Contact laser photocoagulation is related with higher incidence of dry eyes compared to non-contact laser photocoagulation in proliferative diabetic retinopathy patients.
Research and Ethical Committee, School of Medical Sciences, Universiti Sains Malaysia, 23/05/2013, ref: USMKK/PPP/JEPeM [263.3.(6)]
Single-centre prospective randomised parallel trial
Primary study design
Secondary study design
Randomised parallel trial
Patient information sheet
Not available in web format, please use the contact details below to request a patient information sheet.
Proliferative diabetic retinopathy
Eligible eyes are randomized into two treatment groups using a random sampling envelope technique. For all participants, once baseline parameters have been obtained, laser eye therapy is given. The eyes are dilated using 1% tropicamide eyedrops 20 minutes before laser therapy before laser therapy delivered at week 1, week 2 and week 3, with total laser shots of 3000-5000 shots.
Contact laser photocoagulation group: Patients receive a single drop of 0.5% proparacaine hydrochloride topical anaesthesia solution 5 minutes before the placement of the applanation contact lens. A coupling fluid (2.5% methylcellulose) and contact lens are used for contact LP. Patients are seated at Argon laser slit lamp machine. In the slit-lamp biomicroscope, the delivery of Argon green laser is transcorneal. The laser is delivered to the retina using the Mainster Wide Field contact lens or Goldmann’s three-mirror contact lens with the patient sits at a slit-lamp with laser fibreoptic cable.
Non-contact laser photocoagulation group: Laser therapy is delivered to retina via binocular indirect laser delivery system. Patient receive a single drop of 0.5% proparacaine hydrochloride topical anaesthesia solution 5 minutes before the procedure. Patient are instructed to lie down on a treatment couch in supine position while an eye speculum is inserted. Artificial tears eyedrops are instilled intermittently to keep the ocular surface moist. The laser is delivered to retina with the aid of a 20D or 30D condensing lens.
Following completion of 3 sessions of laser therapy, participants are followed up 3 months post intervention.
Primary outcome measure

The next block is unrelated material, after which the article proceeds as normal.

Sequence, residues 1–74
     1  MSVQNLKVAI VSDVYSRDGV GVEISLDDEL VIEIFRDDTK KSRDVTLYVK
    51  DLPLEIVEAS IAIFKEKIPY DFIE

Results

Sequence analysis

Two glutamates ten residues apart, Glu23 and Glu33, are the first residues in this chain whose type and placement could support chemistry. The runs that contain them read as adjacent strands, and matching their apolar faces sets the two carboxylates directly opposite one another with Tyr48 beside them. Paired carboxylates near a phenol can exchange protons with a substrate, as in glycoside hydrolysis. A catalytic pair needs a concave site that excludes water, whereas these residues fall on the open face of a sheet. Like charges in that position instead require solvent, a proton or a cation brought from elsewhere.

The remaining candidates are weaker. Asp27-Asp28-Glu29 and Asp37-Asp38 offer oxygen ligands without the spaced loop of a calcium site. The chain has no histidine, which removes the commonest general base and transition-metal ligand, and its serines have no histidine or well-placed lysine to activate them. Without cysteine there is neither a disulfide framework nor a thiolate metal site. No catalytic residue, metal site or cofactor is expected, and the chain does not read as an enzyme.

1. Schirmer test value is measured using the Schirmer test at baseline and 12 weeks
2. Tear film break-up time (TBUT) is determined by measuring the interval between the last complete blink and the first appearance of a dry spot in the stained cornea at baseline and 12 weeks
3. Ocular Surface Disease Index (OSDI) score is measured using the OSDI questionnaire at baseline and 12 weeks
Secondary outcome measures
Overall trial start date
Overall trial end date
Reason abandoned (if study stopped)
Participant inclusion criteria
1. Aged 40 years and over
2. Newly diagnosed proliferative diabetic retinopathy among diabetic patients
Target number of participants
Required 60 patients (30 eyes for each group).
Participant exclusion criteria
1. On regular eye drops medication (eg topical antiglaucoma drugs)
2. Poor media that obscuring view of delivering laser photocoagulation to the retina such as corneal opacity and preretinal or vitreous hemorrhage obscuring view of retina
3. Previous history of intraocular surgery or ocular trauma including chemical, thermal
or radiation injury
4. Contact lens wearer
5. Previous history of laser photocoagulation
Recruitment start date
Recruitment end date
Countries of recruitment
Trial participating centre
Universiti Sains Malaysia
School of Medical Sciences Health Campus
Universiti Sains Malaysia
Funding Body Type
Funding Body Subtype
Results and Publications
Publication and dissemination plan
Paln to publish in PLOS ONE journal for the effect of contact and non-contact laser photocoagulation therapy on ocular surface.
Intention to publish date
Participant level data
Available on request
Basic results (scientific)